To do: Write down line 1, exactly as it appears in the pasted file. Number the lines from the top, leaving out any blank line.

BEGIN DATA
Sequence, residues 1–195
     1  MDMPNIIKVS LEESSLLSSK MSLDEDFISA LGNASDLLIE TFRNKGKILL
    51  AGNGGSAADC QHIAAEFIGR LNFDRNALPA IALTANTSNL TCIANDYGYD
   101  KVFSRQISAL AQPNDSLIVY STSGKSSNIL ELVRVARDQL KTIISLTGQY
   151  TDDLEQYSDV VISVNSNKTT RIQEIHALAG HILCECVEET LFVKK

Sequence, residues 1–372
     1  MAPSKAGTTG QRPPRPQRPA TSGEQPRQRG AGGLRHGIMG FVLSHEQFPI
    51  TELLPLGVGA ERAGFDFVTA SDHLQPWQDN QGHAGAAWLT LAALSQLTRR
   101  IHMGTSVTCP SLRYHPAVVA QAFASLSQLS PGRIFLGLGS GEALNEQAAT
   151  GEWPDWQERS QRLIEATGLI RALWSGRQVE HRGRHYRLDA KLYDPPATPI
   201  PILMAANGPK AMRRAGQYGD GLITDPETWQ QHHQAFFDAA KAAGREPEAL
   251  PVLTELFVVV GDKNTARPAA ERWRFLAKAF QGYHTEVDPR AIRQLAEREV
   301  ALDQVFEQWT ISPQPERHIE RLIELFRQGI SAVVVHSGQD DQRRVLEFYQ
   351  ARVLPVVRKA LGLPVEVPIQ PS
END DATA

Sequence, residues 1–195